Yes.  A cross-comparison post has just made my to-do list.  It may take a while, but it will get done.

Elyse had an interesting question come up on the subject of all you can eat sushi:
I was talking to my co-workers about the enormous popularity of that all you can eat Sushi place around here- they went (they are the creators of so they go everywhere) and, as they expected, it was mediocre. The group they went with absolutely loved it. I don’t know what to say- quantity over quality? Low standards?

This feels a bit like an old Douglas Adams bit about the red-checkered-tablecloth Italian restaurants where the regular rules of math do not apply.  A similar thing happens in all-you-can-eat buffets.

I have never really talked about this here, but I did mention it briefly once on Yelp.

Being able to consume a variety of foods for one low blanket price is fun.  It allows a level of sampling that may not be otherwise financially feasible in the short term.  Ultimately I think this comes down to another example of a sliding scale.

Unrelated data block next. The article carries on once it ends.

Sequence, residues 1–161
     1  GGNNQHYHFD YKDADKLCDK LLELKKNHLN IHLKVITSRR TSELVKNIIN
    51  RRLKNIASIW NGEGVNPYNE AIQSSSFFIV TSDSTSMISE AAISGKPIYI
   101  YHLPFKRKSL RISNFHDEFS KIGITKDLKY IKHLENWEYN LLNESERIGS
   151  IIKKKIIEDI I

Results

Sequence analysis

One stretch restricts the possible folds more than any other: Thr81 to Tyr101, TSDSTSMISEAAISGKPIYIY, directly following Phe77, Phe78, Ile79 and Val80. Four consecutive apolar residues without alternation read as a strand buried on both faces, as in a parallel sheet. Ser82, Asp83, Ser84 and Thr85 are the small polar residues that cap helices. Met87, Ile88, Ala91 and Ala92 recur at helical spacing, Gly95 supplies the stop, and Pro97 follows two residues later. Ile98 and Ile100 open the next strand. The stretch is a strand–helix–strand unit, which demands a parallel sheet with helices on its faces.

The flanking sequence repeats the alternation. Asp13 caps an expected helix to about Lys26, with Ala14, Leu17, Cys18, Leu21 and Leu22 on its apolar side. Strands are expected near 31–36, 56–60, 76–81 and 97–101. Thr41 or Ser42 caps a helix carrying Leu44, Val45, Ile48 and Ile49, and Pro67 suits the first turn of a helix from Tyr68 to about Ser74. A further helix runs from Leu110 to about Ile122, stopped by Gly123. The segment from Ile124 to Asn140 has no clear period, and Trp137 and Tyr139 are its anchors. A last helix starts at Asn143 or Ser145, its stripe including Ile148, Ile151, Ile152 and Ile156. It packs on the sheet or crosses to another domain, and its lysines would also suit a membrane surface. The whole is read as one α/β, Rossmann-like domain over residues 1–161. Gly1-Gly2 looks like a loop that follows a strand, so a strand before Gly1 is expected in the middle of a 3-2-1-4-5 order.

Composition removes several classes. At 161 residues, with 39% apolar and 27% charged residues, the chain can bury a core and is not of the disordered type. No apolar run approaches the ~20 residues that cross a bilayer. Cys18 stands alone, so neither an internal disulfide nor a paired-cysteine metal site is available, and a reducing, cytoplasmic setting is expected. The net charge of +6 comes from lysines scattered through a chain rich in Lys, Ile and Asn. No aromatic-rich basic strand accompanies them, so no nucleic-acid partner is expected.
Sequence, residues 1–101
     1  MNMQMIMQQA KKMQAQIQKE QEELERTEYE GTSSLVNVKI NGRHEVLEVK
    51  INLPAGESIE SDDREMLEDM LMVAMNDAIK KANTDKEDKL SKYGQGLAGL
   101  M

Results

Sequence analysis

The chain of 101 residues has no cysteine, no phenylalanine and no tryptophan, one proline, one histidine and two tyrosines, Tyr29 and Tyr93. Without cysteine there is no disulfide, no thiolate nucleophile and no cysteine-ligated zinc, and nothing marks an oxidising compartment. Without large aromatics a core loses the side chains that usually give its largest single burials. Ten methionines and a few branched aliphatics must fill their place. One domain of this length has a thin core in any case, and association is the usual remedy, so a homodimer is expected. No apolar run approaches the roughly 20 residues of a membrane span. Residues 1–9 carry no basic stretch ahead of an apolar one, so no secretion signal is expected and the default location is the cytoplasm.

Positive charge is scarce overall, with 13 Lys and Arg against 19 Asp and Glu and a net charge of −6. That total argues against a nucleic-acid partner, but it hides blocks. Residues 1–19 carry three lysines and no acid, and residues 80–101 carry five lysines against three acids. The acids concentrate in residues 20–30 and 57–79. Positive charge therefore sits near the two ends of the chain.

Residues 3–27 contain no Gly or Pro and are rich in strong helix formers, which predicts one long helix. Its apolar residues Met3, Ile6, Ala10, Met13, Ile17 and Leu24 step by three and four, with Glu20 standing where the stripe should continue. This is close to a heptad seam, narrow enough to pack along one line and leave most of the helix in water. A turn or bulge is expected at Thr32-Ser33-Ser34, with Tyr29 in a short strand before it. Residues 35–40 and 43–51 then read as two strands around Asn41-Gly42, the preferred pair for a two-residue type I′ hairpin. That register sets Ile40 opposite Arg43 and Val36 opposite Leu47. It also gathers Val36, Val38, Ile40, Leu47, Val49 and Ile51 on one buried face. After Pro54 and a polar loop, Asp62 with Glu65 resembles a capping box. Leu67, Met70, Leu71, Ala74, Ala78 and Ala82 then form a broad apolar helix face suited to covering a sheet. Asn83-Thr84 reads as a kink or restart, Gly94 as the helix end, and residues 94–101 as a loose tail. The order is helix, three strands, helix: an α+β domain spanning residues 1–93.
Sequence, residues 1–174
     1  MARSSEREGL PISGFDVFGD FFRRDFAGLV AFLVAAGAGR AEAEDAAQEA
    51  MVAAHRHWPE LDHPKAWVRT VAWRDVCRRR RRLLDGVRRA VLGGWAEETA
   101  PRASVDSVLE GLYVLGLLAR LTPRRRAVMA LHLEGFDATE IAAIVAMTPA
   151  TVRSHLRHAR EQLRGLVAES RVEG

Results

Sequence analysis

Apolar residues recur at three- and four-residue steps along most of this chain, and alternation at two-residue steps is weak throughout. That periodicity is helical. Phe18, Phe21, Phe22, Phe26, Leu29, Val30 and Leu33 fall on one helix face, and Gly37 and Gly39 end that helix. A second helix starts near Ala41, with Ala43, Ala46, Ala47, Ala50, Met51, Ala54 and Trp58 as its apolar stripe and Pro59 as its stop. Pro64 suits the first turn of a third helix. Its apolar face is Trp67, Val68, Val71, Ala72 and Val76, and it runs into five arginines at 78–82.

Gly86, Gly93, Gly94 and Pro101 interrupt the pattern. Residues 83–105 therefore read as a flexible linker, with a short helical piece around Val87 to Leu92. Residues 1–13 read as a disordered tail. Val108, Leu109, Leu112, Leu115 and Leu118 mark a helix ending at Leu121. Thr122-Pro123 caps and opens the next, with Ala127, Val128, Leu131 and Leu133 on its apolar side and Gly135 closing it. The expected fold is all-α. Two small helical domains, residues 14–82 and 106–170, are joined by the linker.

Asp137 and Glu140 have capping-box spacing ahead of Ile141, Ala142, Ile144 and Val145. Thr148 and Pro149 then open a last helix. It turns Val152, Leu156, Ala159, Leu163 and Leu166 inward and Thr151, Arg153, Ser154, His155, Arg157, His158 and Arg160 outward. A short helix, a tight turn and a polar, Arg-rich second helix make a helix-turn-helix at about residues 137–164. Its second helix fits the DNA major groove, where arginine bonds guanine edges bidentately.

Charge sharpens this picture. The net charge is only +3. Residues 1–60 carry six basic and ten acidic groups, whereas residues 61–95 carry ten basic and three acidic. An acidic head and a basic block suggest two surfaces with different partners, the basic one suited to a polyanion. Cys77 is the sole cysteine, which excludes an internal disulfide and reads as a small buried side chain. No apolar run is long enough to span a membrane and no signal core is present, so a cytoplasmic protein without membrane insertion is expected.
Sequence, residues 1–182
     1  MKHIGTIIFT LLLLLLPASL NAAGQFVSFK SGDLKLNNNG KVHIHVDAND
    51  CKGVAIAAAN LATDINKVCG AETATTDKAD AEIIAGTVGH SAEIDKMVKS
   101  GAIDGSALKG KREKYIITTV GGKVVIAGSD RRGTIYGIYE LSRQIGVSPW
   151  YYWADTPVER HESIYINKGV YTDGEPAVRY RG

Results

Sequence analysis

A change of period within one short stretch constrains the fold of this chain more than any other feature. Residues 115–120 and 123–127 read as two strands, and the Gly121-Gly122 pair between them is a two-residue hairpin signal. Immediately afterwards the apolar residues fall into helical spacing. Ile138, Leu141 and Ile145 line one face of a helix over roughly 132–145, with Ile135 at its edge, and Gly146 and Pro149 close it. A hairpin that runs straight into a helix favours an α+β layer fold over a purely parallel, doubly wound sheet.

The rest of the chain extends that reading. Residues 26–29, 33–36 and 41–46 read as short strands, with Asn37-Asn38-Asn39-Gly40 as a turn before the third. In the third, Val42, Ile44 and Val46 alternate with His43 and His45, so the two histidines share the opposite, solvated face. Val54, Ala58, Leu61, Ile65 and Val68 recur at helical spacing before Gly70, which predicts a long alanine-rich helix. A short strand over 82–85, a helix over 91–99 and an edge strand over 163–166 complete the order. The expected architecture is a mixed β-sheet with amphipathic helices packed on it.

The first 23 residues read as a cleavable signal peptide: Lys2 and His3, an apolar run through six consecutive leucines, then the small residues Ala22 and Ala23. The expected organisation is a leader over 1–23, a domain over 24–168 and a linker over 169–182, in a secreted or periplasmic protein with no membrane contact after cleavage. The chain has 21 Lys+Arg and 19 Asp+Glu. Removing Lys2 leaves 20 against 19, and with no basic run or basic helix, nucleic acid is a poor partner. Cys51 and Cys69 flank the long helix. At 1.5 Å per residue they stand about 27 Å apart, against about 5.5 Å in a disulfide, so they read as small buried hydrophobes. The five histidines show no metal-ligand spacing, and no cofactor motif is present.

I knew someone like AC was out there somewhere, but it was good to hear:
I started reading your blog for your posts about wine. You haven’t written about wine in a month or more. What gives?
If I may ask, do you ever drink NY wines or are you still stuck in the California state of mind? What’s your opinion on riesling and gewurtzatraimer?

Honestly, until right now, it didn’t seem like anyone noticed that the wine posts were on a hiatus.  I’m trying to figure out what to do about it.  The problem is that they are consistently the least read and commented on posts, by a considerable margin.  I love wine, and I love getting people into wine, but I was unconvinced that the posts were accomplishing anything.

I haven’t tried many NY wines, although I have tried some. But I do love a nice spicy gewurtz (without too many flowers) and Rieslings up and down the residual sugar spectrum (provided the sweeter ones are accompanied by enough corresponding acidity to bring the wine into balance).  One day I’ll make it up to the Finger Lakes and explore some of the NY wine country.  But it may take a while.

Please, post more comments like this.  They are inspiring.  Seriously.  Also if you like you can help promote the wine posts by tweeting about them, or even just emailing links to your friends and family.  That’s the best way to see more wine on the FLB.

Beck was being very open and honest when she asked:
So can I still enter the contest, even if I don’t need a second cast iron skillet?

Absolutely.  Especially since I would argue that you totally need a second cast iron skillet.  I have three, each of different sizes.  These days the 10” and 12” get all the love.  The 6” has been woefully neglected.

In a similar vein Ellen Whitby had these questions about the giveaway (and Starbucks):